In need of a good news story or pick-me-up today? Here is a roundup from across your pharmacist colleagues of random acts of kindness they’ve received from the public
With stories abounding of pharmacists being verbally or even physically abused by an angry public, we’ve gone searching for stories of patients who have been just that – patient, understanding and generous.
After putting a call-out on social media, AJP received several stories of patients and customers that went the extra mile to make their pharmacist/s and pharmacy staff feel appreciated.
There were also lovely stories of people helping fellow patients who couldn’t afford their medications due to the current crisis.
Here are a few that were shared with us and also rounded up from across social media:
One of our regular Webster patients sent a cake back with the delivery driver “because I just know you’re trying very hard to take care of us right now”
I did a flu shot today for a guy who works at Coles and as he was waiting his 15 minutes after he overheard our staff saying how we were running out of sanitiser for ourselves. He went and got some stock they had at Coles for their staff and dropped it off for us to use until we get some in for ourselves. Like a litre bottle as well!
In our Capital Chemist store I was witness to one of the most awesome gifts of pay it forward in my pharmacy career. There was a client waiting for a large prescription when a younger client came into the business and explained he had lost his job, had little money and wondered could we assist him with giving him some medication to keep him going.
Owen Patrick Mellon
We’re being quite spoilt with sweets, homemade soup, flowers and coffee vouchers.
This was a fruit flan bought for us by beautiful grateful customer.
Caroline Diamantis, Balmain Community Pharmacy
I love how we seem to have formed a bond with other local retailers and frontline health workers as we figure out way through this. We’ve had staff from the woolies, reject shop and cafes in our shopping centre let us know when toilet paper or latex gloves are in stock because they know we can’t get any after we finish work, and with local medical receptionists we have shared war stories, strategies or just given each other a moment of understanding of how hard it is every day.
I’ve heard someone talk about COVID-19 causing the rebirth of genuine community, as people reach out to each other to care or offer help to people they would never normally speak to, which is just beautiful.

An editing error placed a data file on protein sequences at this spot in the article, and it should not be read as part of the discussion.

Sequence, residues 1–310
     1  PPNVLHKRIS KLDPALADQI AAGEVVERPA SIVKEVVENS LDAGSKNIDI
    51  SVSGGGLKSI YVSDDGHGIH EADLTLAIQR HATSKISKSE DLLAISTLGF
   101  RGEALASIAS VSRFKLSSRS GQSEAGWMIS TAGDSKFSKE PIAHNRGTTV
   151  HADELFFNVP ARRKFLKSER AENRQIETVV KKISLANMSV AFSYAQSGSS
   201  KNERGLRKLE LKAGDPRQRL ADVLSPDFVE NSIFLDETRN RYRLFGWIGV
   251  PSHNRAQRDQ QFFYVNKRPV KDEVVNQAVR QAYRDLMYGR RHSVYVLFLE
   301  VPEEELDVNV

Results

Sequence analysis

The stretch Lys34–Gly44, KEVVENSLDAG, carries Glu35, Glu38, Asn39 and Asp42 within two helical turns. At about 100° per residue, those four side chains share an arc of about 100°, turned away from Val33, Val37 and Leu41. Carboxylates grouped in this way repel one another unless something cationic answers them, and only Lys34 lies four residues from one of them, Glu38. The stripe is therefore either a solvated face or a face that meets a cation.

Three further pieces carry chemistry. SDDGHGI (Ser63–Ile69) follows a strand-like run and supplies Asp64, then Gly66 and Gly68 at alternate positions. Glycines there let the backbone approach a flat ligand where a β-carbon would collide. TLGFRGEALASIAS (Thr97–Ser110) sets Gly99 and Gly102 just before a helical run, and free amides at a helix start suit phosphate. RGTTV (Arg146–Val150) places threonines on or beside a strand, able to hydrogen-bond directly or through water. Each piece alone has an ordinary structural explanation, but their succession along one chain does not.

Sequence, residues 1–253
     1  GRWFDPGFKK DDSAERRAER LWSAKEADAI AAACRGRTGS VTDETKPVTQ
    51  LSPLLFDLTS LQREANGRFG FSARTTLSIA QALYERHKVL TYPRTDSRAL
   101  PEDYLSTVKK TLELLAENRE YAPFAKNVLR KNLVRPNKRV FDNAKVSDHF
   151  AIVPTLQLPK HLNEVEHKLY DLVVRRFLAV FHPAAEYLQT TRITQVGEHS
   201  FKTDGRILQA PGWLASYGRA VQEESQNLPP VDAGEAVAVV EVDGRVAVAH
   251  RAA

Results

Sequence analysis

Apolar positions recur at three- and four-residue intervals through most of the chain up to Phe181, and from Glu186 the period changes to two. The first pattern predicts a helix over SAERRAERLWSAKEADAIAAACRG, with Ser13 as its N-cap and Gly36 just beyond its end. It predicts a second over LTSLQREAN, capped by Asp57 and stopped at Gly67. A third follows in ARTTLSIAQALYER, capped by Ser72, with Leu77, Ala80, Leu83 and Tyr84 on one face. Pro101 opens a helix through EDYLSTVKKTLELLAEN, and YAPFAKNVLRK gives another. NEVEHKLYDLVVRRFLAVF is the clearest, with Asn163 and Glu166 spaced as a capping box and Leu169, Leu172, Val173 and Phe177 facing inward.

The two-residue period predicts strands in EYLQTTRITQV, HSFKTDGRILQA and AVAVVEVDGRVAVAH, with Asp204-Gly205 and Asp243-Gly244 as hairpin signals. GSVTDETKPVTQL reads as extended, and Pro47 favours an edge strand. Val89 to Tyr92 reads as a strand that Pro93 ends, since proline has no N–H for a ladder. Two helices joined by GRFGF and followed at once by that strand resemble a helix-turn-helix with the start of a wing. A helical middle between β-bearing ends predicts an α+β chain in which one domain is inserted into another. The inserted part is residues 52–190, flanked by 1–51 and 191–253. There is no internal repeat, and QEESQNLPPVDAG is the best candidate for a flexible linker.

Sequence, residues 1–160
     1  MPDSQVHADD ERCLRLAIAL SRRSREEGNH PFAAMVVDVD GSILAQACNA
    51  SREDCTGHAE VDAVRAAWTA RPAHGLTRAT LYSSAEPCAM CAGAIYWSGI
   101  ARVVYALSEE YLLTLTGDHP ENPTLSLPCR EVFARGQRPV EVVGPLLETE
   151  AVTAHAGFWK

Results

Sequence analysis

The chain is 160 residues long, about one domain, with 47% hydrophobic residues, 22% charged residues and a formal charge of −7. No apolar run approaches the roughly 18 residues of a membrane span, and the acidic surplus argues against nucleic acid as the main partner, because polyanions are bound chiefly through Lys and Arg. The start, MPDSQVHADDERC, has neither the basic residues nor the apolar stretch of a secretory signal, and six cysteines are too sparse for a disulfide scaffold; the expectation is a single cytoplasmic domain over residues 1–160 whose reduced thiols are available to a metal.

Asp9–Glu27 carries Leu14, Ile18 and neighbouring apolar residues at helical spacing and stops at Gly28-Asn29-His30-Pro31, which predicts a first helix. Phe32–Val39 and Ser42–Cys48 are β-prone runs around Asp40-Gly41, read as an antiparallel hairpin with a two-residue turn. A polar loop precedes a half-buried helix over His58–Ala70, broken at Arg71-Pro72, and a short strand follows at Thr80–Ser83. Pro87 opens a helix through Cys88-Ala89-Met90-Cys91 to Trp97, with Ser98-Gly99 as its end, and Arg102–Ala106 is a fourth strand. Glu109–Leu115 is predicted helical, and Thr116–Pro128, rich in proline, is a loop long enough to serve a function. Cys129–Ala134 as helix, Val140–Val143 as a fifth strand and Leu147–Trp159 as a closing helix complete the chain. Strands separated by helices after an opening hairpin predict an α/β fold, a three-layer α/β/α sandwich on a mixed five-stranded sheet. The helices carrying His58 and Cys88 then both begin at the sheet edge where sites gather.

We got a $100 voucher for the coffee shop anonymously donated to us today! Made my day in a week I’d rather forget
One of our customers came in yesterday and bought us all a round of coffees. Nice.
In the middle of this hell someone stops to tell me that I have the best staff team in town.
A card from a patient
Danielle D’Onofrio, Timboon Pharmacy
The daughter of one of our regular DAA patients asked if we were busy. Of course I said yes. She gave me her phone number and said if there was anything she could do to let her know. She said that there are lots of ‘oldies’ (her word, not mine) like her Mum and she wanted to make sure that everyone got everything they needed.
Capital Chemist Group
Another day another appreciative patient
We are hearing way too many stories about the general public getting edgy, impatient and rude to front line healthcare workers (and other essential staff like grocers and the likes), and whilst it may be true on occasion it’s disappointing that we don’t hear about all the random acts of kindness that are occurring.
Let’s put it this way – if these random acts of kindness/appreciation/generosity continue the staff at Cooleman Court Pharmacy will need to be doing a whole lot more exercise (while social distancing!!!!) Always appreciative.
Let’s just hope Ethan and James shared those chocolates and tidied up that messy office!
Brad Butt, Cooleman Court Pharmacy
From a patient: “Mum and I are worried about people doing it tough right now, especially older people. Can we give you $50 to pay it forward for someone else who needs it?”
Yesterday to make my mind in a better space and to stop focusing on the abusive patients, I started a tally and put a mark when a patient was generally nice and kind to me (despite the outcome I was telling them). I found that this was a good way to keep my mindset positive and to not let the bad ones get to me.
Our local florist was recognising businesses doing great work and one of our customers nominated us. Such a kind, thoughtful (and yummy) thing in these days full of unknowns.